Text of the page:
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Westmoreland Deputy Talks with Pre-K Class

Westmoreland Deputy Talks with Pre-K Class

On Thursday March 27 Deputy Antwan Smith had the opportunity to speak to the Colonial Beach Pre-Kind...

Fate of CB School looks bleak

Conflicting resolutions, long discussions and short memories seem to be at the heart of the Town of ...

Code Compliance Officer accused of Trespassing

Colonial Beach Town Council spilled the beans about Town employee Theresa Davis’ charge of trespassi...

Two talented women destined to cross paths

Two talented women destined to cross paths

One may call it fate or destiny, but the similarity between two women, Olga Farneth and Velia Jacobo...

School Debt comes full circle for Chairman Trivett

School Debt comes full circle for Chairman Trivett

Colonial Beach School Board Chairman Tim Trivett talked to the town council at the March work sessio...

Legg no stranger to making history

Legg no stranger to making history

Colonial Beach Town Council formally introduced Elizabeth “Libby” Legg as the town’s new permanent C...

 

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Town Council meets with auditor behind closed doors

School representatives waited outside, wondering what it was all about

At a special meeting of the Colonial Beach Town Council October 21st at 7 pm, members met with Auditor Nancy Miller to discuss legal issues in closed session pursuant to VA. Code §2.2-3711 (A) (7) for consultation with legal counsel regarding specific legal matters-federal and state laws pertaining to fiscal management.
All Council Members where present except Burkett Lyburn who arrived just after the closed session began. Only two members of the public where present, Planning Commission Member, Ed Grant and School Board Member, Mike Looney.
Members of the press are trained to take notice when a special meeting is called and curiosity is really raised when meetings start with a closed session. To add to the mystery, Members of Council all seemed to be in the dark over what legal issues would be discussed.

Read more: Town Council meets with auditor behind closed doors

Resident suggests town raises rent for nonprofits

In previous meetings the Colonial Beach Town Council has recognized the need to clean house, so to speak, when it comes to deciding what to do with unused excess real estate the town holds title to.
Among the list of town-owned properties are the buildings on Hawthorne Street starting with the Old Building and Zoning office rapping around the corner of Irving Ave to the Klotz building.
The building that housed Building and Zoning and the old police station have been vacated since both entities have moved to their new homes next to Get & Zip on Route 205 and at the Beach Gate.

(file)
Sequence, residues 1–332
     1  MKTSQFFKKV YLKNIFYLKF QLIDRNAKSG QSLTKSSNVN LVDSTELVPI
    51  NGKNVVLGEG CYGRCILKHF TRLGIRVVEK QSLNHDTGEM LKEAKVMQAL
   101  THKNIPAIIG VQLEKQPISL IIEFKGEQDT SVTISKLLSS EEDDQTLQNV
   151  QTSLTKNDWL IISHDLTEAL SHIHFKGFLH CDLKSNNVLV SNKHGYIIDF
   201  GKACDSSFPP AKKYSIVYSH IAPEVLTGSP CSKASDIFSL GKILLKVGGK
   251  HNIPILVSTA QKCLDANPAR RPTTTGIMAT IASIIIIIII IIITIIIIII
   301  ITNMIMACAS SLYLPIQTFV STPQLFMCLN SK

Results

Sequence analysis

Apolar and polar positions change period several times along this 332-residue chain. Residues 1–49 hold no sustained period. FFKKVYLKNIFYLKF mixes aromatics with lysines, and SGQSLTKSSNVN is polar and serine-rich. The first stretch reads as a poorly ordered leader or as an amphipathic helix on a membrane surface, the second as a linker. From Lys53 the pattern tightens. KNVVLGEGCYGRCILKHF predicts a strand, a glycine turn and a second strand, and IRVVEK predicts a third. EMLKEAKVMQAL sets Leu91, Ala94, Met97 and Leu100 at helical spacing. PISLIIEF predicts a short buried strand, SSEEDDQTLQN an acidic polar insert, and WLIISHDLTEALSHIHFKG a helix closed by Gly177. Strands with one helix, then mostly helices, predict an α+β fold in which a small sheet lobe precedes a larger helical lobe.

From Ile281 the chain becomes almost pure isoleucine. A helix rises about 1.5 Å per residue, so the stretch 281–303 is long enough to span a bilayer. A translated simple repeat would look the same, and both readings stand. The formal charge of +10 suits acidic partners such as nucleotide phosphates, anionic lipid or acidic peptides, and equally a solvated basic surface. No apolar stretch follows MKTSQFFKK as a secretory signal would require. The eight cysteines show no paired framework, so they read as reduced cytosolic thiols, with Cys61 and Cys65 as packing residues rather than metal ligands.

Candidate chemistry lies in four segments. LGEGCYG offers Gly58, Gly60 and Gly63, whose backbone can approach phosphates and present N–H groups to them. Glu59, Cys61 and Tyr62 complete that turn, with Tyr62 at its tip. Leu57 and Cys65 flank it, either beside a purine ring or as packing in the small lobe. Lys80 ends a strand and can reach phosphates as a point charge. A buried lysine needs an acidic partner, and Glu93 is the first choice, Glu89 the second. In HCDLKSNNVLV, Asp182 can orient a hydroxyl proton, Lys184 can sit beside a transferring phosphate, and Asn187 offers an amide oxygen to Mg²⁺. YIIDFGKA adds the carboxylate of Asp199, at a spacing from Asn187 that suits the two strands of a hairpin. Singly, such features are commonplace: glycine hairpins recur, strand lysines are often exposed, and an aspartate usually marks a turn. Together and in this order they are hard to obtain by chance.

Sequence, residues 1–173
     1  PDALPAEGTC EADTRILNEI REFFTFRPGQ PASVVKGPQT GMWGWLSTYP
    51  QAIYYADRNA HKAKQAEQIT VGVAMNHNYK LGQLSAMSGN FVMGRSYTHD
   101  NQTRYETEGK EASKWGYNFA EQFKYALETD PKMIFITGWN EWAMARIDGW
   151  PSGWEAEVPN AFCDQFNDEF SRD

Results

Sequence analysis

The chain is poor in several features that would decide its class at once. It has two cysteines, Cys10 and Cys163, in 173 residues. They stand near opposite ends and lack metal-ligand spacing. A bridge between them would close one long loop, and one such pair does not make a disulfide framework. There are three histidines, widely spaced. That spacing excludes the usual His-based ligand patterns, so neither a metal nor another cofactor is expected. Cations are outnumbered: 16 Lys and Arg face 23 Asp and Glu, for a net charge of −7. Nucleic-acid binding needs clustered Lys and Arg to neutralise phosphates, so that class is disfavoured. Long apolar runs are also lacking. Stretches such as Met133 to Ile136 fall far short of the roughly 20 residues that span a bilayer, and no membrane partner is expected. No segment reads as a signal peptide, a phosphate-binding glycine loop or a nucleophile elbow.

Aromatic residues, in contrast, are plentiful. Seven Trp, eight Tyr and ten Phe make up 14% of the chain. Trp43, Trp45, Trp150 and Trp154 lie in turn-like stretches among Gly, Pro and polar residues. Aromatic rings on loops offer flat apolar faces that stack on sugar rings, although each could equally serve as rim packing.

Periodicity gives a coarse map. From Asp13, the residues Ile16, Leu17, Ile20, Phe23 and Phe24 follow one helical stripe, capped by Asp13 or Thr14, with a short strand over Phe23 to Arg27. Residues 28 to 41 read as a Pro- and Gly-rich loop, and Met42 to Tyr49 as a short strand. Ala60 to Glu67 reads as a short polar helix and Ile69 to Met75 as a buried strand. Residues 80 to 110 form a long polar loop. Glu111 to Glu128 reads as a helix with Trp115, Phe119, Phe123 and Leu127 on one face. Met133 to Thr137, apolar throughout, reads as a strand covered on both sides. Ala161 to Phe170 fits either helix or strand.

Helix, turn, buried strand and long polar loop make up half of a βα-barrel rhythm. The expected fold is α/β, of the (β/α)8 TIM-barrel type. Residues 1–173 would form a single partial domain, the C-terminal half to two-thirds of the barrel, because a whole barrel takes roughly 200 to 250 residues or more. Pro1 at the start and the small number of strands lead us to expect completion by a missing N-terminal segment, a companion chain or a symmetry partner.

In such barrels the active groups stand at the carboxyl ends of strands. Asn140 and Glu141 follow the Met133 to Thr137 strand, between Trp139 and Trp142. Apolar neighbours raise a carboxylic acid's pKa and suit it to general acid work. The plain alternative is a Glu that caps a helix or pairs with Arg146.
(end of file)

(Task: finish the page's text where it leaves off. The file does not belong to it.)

Both the Police Station and the Klotz building on Irving Avenue have been deemed unsafe due to mold problems and other issue that put them in disrepair.
The Colonial Beach Chamber of Commerce has been asked to vacate the Klotz building and now the group is seeking a permit from the town to occupy the old Building and Zoning office on Hawthorne Street right next to Town Hall, which seems to still be in good shape.  

Read more: Resident suggests town raises rent for nonprofits

Emotionally charged meeting leads to confrontation

The Colonial Beach Regular Council Meeting held on August 13th was charged with emotions as the town welcomed the School Board's new superintendent Donna Power just in time for the new school year.
First off, esidents fought Ordinance #571 which as to rezone all C-1 parcels of land south of Boundary Street to Maritime Commercial, and they defeated it.

Read more: Emotionally charged meeting leads to confrontation

Fight on the Playground (on the Potomac)

Colonial Beach Town Council Meeting - August 13, 2009

If one just opens their ears and listens to the Town Council meeting in Colonial Beach held on August 13 they would hear so much valuable information about the town’s infrastructure and the day to day operations of the town.

 One would also hear great words of pride, wisdom and maturity. However what sticks out in minds of those who were there and those who view the video is the frustration and fighting of some of the most prominent members of our local School system and Town Government.

Last night was to be the Town's new Superintendent’s first meeting of the Town Council. Last night was our town Government and School Board Chairman’s first chance to welcome Dr. Power to our community and make a first impression.

It may be lucky for us that Dr. Power had to leave early, hopefully she was not preparing her letter of resignation after listening to School Board Chairman Tim Trivett respond to allegations from the Town Council, made against the School Board in an earlier meeting, where Council Members aired their frustrations over the School reneging on their agreement to go the Bright accounting system which the Town uses.